TUESDAY, Aug. 16, 2022 (American Heart Association News) -- Fatima Mathews knew something wasn't right. She was more tired than she'd ever felt in her life.
"You just had a baby," her doctor reminded her. "It's normal to be tired."
She'd been feeling tired – and bloated and swollen – since the last few months of her pregnancy. And now it was time to go back to work. Mathews told herself she'd be fine.
But she didn't feel fine as she tried to get out of bed that February morning, six weeks after giving birth at age 30. She sat on her bed for an hour, finally forcing herself to get dressed and head to the insurance office where she worked in Niagara Falls, New York.
She parked close to the front door – just 400 feet away – and resolved to push through the fatigue. "Ten steps in, I knew something was wrong," she said. "My face started sweating. My shoulder hurt. My heart was beating fast."
Mathews collapsed in a chair just inside the front door. When she finally consented to go to the hospital, tests confirmed her problem was indeed related to having a baby – but not because being a new mom makes you tired. She had a rare condition known as postpartum cardiomyopathy. In her case, it left her in heart failure.
"I thought I was going to die," she said. "And I was going to leave my two children without their mother. I was absolutely terrified."
Doctors implanted in Mathews' chest a defibrillator, a small electronic device that monitors her heart rhythm and can correct any dangerous abnormalities.
For 10 years, the defibrillator did its job. Then the battery died. Replacing it should have been a simple procedure, said Theresa Giambra, who was director of the Cardiac Rhythm Device Clinic in Buffalo, New York, at the time and overseeing Mathews' care.
"It truly isn't a huge surgery," Giambra said. "Often patients go home within 24 hours."
But Mathews didn't go home that day, or even the next one. When she was given fentanyl to dull the pain of the surgery, her heart stopped. She wound up in a coma, awaking more than a week later in a horrifying state of confusion.
"I remembered my mother and my children, but nobody else," she said.
Unsure what was happening to her, she fought with the nurses and ripped out her breathing tube, injuring her vocal cords.
When her head finally cleared, she had another shock: While she'd been in a coma, her family gave doctors permission to implant a left ventricular assist device, or LVAD, in her chest. It's a drastic step done when a heart can't properly pump blood on its own, often used as a way to keep someone alive until they can get a heart transplant, or as an alternative treatment when someone isn't eligible for a transplant.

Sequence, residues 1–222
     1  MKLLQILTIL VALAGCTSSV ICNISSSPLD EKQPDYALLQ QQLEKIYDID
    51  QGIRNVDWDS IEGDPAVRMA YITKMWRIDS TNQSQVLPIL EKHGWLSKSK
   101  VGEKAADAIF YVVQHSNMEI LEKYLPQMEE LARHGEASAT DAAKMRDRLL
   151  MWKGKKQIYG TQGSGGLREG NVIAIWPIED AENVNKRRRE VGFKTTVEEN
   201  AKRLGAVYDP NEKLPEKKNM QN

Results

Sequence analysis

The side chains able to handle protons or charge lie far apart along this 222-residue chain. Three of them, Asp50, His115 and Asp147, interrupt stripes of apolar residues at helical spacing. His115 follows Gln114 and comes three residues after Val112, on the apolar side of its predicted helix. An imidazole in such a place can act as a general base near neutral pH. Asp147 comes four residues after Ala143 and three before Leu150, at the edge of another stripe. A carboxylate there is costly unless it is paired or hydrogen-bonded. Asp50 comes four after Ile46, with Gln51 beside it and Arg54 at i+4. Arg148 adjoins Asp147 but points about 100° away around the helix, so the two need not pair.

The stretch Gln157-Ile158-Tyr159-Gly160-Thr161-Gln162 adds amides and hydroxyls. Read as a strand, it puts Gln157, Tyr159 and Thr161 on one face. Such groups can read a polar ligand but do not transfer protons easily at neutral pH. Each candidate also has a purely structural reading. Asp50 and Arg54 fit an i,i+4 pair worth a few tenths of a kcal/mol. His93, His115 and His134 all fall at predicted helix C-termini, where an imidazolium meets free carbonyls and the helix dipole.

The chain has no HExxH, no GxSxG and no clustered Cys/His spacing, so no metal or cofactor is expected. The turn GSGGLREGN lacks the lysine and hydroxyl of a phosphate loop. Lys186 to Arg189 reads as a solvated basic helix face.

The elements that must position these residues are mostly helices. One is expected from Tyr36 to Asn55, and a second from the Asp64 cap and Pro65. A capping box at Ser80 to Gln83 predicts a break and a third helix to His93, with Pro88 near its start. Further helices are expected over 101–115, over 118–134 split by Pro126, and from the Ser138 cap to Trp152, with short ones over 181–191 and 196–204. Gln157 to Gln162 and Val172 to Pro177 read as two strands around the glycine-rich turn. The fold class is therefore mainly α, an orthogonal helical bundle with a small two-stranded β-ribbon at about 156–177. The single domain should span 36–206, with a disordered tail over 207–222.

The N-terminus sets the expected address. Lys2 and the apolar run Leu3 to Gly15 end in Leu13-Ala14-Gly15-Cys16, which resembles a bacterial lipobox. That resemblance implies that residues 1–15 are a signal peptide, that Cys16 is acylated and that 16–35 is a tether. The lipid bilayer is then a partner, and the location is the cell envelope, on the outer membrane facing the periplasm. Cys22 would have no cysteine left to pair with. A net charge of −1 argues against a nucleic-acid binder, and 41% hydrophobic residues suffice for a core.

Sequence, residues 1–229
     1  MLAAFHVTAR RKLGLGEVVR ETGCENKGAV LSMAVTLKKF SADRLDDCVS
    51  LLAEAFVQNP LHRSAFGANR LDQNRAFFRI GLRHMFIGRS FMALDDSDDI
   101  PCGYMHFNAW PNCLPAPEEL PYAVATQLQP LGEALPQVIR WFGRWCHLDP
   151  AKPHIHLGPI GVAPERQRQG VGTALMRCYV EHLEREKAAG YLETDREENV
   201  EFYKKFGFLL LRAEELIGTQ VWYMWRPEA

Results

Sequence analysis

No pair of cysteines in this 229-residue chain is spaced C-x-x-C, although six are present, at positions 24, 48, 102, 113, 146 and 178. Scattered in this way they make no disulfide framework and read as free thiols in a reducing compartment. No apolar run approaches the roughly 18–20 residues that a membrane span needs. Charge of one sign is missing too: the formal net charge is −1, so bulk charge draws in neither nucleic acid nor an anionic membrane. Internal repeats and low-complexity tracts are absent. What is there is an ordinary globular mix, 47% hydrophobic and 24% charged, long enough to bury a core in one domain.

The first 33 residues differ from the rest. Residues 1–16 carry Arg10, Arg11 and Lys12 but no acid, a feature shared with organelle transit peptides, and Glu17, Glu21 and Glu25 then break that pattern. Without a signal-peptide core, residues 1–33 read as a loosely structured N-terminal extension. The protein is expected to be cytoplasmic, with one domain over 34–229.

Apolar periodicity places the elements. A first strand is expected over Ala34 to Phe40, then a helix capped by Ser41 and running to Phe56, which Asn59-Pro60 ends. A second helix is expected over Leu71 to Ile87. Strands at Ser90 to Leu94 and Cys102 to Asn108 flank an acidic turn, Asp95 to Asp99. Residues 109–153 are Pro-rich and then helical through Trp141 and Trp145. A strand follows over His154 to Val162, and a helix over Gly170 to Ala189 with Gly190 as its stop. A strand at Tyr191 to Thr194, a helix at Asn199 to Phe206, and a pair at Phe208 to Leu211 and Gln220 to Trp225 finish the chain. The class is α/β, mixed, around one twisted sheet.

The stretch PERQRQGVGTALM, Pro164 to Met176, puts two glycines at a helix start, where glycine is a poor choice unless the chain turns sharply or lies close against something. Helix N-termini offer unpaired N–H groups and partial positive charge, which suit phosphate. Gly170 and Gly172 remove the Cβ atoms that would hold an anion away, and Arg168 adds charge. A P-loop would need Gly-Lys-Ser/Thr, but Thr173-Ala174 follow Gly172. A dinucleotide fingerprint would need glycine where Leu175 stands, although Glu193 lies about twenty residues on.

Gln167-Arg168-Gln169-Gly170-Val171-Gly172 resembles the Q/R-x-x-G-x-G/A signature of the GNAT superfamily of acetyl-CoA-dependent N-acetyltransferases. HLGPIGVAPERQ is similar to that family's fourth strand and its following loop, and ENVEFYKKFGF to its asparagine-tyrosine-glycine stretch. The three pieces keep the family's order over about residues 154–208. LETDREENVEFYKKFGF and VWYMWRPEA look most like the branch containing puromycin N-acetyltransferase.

Mathews knew she was a candidate for the device but didn't want one because the cumbersome apparatus would restrict daily activities and be difficult to hide. And Mathews, who enjoyed wearing cute outfits and going out dancing, didn't want to be permanently tied to all that equipment.
"It was vanity. It's scary when you see it," she said. "And I didn't want a hole in my stomach."
When she got home from the hospital, Mathews had to rely on others. She became frustrated and depressed and refused to leave the house.
"Usually, I'm the fixer," she said. "I fix everything for everybody else, but I couldn't fix this for me."
A physical therapist who came to the house pushed her to recover her health and her ability to function independently. Though Mathews hated the sessions, "if she hadn't pushed me, I would have stayed in a place of neglect," she said.
Slowly, Mathews regained her independence, and along with it, her mental health. She even found ways to camouflage the LVAD equipment, tucking it into fanny packs and working the ensemble into her outfits.
"It helped my confidence," she said. "I wanted to look a certain way."
Most of all, Mathews wanted to be there for her children. And now, with the LVAD keeping her heart pumping, she can be.
They go on cruises. They go to Disneyland. And, she gets together with her girlfriends. "I still go out and dance and go to parties. I still live," she said.
Mathews has expanded her social circle to include fellow LVAD patients.
She started with chatting up folks at the hospital where she had her procedure done. Now, the hospital calls her in to help give a patient's perspective.
"I talk to family, friends, anyone about what it's like to live with an LVAD," she said. "I tell them about the medications I'm on. How I live, how I sleep, how every night I plug up to the wall and put my batteries in a crate."
Then her doctor recommended she volunteer with the American Heart Association. She now shares her story at various events.
Giambra likes to call Mathews "Wonder Woman" because of all she has endured "with grace, strength and triumph" and her commitment to maintain a positive outlook and advocate for others.
"Even when she's getting horrendous news, she says, 'Oh I'm blessed. I just want to be here for my children,'" Giambra said. "I tell her, 'You need to be the face of surviving heart failure.'"
Mathews, now 43, realizes that going from anti-LVAD to LVAD advocate gives her a unique perspective.
"God has given me a second chance so I can help someone else," she said. "If it's just one person I help, I am thankful for that.
"Now I'm happy. I am living life. We're making memories."
American Heart Association News covers heart and brain health. Not all views expressed in this story reflect the official position of the American Heart Association. Copyright is owned or held by the American Heart Association, Inc., and all rights are reserved. If you have questions or comments about this story, please email email@example.com.
By Laura Williamson, American Heart Association News
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